Cape Town, 30 September 2015
The Western Cape High Court handed down judgement today in the review application brought by the City of Cape Town regarding the N1/N2 Winelands Project. Decisions taken to implement the project, some of which were taken more than eight years ago, were the subject of the application.
Vusi Mona, spokesperson of the South African National Roads Agency SOC Ltd (SANRAL), said that although he was pleased that environmental authorisations regarding the implementation of the project were upheld, he is disappointed that the court set aside the decisions concerning the procedure of the declaration to toll.
“The agency’s legal team is reviewing the details of the decision and will assess the legal options available to SANRAL.”
Mona added that it seems that the City’s real complaint with the N1/N2 Winelands Toll Project is about tolling as the funding choice. Cllr Brett Herron, Cape Town’s mayoral committee member for transport, conceded in a recent media statement that the litigation was the city’s last resort to prevent tolling.
Mona pointed out that the Constitutional Court had already ruled that it is not the judiciary that determines what kind of funding should be used and who should bear the brunt of that cost. The remedy lies in the political process.
The N1/N2 Winelands project is more than a decade in the making. It was conceived to improve the link between the Western Cape and the rest of the country. Substantial time, effort and investment have been put into its development. It was earmarked to facilitate the movement of large volumes of export and import freight, business, tourism, recreational and commuter traffic.
The court’s decision, Mona said, means that the realisation of the benefits of the project will either be delayed or may never eventuate. These include safety benefits to road users and the economic benefits to South Africa and the region.It will also prevent the direct and indirect creation of some 5 000 jobs for the initial construction period over the first three years of the project and thereafter approximately 500 jobs per annum for the duration of the thirty-year concession period.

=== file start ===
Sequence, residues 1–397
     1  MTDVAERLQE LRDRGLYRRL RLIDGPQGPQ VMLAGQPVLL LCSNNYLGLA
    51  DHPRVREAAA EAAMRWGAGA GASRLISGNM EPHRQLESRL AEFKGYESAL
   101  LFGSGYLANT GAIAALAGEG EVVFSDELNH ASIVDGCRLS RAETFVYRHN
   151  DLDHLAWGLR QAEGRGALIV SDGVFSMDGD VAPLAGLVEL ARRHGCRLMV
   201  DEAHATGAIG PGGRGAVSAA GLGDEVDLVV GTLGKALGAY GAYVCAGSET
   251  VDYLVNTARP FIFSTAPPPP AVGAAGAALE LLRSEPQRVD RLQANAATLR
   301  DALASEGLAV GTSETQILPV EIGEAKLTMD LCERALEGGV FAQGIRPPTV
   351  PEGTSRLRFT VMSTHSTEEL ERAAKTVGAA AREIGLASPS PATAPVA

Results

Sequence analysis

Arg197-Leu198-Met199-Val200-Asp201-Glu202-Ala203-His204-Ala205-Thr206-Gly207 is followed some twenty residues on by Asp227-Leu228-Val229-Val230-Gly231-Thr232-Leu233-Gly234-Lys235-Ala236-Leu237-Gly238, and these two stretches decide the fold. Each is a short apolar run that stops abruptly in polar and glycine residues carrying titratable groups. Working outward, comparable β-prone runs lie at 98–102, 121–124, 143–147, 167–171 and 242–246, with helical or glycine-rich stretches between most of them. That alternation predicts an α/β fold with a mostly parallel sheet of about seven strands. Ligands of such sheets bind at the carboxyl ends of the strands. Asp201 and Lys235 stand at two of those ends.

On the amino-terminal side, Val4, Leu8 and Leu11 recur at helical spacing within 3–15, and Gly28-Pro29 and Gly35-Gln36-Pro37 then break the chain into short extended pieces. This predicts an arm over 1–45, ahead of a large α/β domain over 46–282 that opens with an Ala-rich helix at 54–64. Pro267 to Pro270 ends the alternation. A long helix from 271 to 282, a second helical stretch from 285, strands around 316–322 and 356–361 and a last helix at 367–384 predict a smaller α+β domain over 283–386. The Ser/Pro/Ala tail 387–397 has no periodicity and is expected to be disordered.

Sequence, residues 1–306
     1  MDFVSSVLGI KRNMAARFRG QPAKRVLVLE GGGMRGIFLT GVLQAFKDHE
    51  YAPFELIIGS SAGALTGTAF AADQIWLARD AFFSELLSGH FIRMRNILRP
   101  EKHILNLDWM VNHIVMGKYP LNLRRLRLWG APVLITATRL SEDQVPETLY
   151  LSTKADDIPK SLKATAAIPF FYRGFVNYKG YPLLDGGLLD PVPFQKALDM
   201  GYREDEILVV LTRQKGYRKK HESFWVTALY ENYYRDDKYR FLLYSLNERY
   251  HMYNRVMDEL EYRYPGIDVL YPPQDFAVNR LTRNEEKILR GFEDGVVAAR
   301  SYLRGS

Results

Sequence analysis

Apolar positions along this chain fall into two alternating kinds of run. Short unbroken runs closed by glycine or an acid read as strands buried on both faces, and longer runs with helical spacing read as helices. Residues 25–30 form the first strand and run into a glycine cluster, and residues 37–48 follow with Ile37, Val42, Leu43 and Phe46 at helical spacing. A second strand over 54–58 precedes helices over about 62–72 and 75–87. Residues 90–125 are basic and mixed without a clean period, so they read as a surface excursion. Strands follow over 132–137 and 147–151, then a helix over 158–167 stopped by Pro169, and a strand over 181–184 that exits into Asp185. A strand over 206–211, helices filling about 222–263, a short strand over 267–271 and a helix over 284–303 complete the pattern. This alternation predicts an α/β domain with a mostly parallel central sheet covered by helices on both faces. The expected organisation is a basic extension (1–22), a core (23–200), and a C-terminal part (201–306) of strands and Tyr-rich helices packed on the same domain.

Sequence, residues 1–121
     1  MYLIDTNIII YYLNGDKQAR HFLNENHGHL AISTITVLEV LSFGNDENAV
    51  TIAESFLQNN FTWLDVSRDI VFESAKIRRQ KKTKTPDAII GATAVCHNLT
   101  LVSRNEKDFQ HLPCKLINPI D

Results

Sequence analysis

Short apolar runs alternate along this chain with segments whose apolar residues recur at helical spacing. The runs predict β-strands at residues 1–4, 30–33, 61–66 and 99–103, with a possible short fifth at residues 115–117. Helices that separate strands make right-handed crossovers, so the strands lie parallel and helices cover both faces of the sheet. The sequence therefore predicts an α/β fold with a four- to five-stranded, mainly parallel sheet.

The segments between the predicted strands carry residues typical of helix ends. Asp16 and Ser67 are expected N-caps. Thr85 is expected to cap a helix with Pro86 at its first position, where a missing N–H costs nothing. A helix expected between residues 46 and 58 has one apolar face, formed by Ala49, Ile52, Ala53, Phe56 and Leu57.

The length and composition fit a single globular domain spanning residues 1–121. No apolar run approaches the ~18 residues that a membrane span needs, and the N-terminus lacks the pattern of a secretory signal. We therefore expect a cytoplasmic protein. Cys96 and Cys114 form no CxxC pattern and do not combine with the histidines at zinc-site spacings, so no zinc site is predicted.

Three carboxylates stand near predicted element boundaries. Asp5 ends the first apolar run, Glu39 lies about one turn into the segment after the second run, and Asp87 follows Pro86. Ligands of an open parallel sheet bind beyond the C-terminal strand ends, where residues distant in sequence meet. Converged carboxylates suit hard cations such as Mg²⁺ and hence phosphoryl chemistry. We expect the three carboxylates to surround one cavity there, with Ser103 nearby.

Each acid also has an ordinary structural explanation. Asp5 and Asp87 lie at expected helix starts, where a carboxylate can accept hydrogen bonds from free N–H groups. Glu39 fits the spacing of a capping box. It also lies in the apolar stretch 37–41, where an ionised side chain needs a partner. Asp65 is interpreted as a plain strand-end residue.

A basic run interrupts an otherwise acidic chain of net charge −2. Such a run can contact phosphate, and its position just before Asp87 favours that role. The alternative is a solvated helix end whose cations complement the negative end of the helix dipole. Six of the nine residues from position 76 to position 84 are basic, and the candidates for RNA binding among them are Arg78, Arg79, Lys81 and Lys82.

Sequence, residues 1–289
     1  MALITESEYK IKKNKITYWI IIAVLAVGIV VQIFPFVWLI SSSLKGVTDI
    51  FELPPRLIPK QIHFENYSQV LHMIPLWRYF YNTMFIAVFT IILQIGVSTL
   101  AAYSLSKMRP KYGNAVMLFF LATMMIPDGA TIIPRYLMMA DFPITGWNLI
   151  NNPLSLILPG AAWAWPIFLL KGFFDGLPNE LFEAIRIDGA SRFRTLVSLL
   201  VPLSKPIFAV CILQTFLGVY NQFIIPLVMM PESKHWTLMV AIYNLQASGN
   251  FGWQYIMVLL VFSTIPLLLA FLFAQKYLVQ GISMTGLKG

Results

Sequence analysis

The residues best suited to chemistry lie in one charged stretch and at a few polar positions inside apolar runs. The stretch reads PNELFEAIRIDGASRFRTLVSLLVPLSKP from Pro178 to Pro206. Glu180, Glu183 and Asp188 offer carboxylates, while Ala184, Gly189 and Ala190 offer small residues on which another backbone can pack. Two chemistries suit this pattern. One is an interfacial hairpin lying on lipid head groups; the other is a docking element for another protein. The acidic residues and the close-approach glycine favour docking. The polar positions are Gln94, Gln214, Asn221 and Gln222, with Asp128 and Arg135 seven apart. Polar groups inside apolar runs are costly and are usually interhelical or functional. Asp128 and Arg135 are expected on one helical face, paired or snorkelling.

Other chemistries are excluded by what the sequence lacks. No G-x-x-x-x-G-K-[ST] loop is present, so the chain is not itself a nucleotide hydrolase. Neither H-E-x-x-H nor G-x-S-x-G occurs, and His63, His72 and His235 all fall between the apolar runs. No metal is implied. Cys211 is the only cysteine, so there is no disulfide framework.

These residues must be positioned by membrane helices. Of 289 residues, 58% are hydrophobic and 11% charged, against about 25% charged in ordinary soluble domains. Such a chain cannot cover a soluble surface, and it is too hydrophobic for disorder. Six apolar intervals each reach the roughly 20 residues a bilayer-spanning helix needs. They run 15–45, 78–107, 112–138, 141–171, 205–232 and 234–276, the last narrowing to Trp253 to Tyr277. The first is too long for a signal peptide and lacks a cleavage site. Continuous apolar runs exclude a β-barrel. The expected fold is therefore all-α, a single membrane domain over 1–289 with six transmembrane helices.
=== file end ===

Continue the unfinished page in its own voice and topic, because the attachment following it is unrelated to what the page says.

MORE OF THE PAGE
Infrastructure investment is critical to economic success. South Africa needs a project such as the N1/N2 Winelands which brings with it employment and stimulation of the economy which is particularly beneficial in the current economic climate.
“If SANRAL is not allowed to proceed with the project now, the province, the city and their constituents will not have the upgrades for at least the next 20 years, if at all.”
There is just no money from Treasury to fund the project. The only option is to have it operated by a concessionaire who will finance the cost of upgrading and expanding the road through equity and borrowings, which have to be repaid through tolls.
Commenting on the matter, economist Dr Iraj Abedian said:
“One of the critical requirements is to ensure that economic growth and job creation are sustained, if not accelerated. To this end, accessing and mobilising private sector funding for infrastructure finance are vital.
By so doing the developmental process is not held back by the lack of public finance, or by the absence of potential taxation capacity of the economy to finance long-term infrastructure projects.
One of the key requirements of success in infrastructure planning and financing is the socio-economic value of time. In other words, not only timeous planning but also a timeous implementation of an infrastructure project, be it a power station or a roads network, is often the difference between success or failure, viability or otherwise.
In South Africa, the delayed completion of Eskom’s Medupi Power Station is a very instructive case in point. The delay of two years has cost the SA economy many jobs, a substantial reduction in GDP growth momentum, and a host of associated complications including reputational damage to the country’s investment brand.”